Reporting of Adverse Events in Published and Unpublished Studies of Health Care Interventions May Differ

MedicalResearch.com Interview with:

Dr Su Golder PhD Research Fellow Department of Health Sciences University of York

Dr. Su Golder

Dr Su Golder PhD
Research Fellow
Department of Health Sciences
University of York

MedicalResearch.com: What is the background for this study? What are the main findings?

Response: Serious concerns have emerged regarding publication bias or selective omission of outcomes data, whereby negative results are less likely to be published than positive results. There remains considerable uncertainty about the extent of unpublished data on adverse events beyond that reported in the published literature. We aimed to estimate the potential impact of additional data sources and the extent of unpublished information when conducting syntheses of adverse events.

We found that less published papers contain adverse events information. The median percentage of published documents with adverse events information was 46% compared to 95% in the corresponding unpublished documents. There was a similar pattern with unmatched studies, for which 43% of published studies contained adverse events information compared to 83% of unpublished studies.

We also found even when adverse events are reported in the published and unpublished versions of the same study that the numbers of adverse events do not always match The percentage of adverse events that would have been missed had each analysis relied only on the published versions varied between 43% and 100%, with a median of 64%.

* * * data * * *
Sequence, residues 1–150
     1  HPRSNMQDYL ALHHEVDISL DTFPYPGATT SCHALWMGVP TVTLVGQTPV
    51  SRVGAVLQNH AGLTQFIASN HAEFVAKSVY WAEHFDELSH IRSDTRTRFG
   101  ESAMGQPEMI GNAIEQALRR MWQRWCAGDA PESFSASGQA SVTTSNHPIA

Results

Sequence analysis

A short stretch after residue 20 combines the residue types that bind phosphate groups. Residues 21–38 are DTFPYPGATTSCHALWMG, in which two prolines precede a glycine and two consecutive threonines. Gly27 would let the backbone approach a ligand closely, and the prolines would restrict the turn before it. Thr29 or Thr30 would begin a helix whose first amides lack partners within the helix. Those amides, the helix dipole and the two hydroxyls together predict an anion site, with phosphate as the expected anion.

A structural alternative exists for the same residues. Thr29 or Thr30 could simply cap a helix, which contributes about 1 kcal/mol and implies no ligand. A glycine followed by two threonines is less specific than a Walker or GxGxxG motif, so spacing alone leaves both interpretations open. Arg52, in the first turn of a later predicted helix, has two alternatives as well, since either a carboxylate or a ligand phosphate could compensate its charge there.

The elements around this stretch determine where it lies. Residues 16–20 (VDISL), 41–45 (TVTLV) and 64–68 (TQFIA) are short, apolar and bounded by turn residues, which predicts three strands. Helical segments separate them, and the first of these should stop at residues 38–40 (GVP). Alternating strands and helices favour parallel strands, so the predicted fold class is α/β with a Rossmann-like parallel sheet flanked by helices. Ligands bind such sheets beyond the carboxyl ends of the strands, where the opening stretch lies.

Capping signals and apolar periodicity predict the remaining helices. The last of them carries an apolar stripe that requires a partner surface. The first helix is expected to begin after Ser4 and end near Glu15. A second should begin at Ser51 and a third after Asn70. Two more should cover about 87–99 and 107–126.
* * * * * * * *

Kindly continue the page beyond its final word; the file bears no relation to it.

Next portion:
Lastly we found that inclusion of unpublished data increased the precision of the pooled estimates (narrower 95% confidence intervals) in three-quarters of pooled analyses, but did not markedly change the direction or statistical significance of the risk in most cases.

MedicalResearch.com: What should readers take away from your report?

Response: Research evidence on harmful effects of treatments should be reported fully and transparently, and made easily accessible without restriction. We call for urgent policy action to make all adverse events data readily accessible to the public in a full, unrestricted manner.

Authors of systematic reviews of adverse events should attempt to include unpublished data to gain a more complete picture of the adverse events, particularly in the case of rare adverse events.

MedicalResearch.com: What recommendations do you have for future research as a result of this study?

Response: We need further research to find out if efforts to increase access to trial data (such as the AllTrials.net group) can enable more detailed and comprehensive safety evaluations, as compared to the current restricted situation. In particular, we need far more examples to see if availability of the unpublished data might lead us to arrive at different conclusions on safety.

MedicalResearch.com: Thank you for your contribution to the MedicalResearch.com community.

Citation: PLOS

Su Golder , Yoon K. Loke,Kath Wright, Gill Norman

Published: September 20, 2016
http://dx.doi.org/10.1371/journal.pmed.1002127

Note: Content is Not intended as medical advice. Please consult your health care provider regarding your specific medical condition and questions.

More Medical Research Interviews on MedicalResearch.com

Leave a Reply

Your email address will not be published.

This site uses Akismet to reduce spam. Learn how your comment data is processed.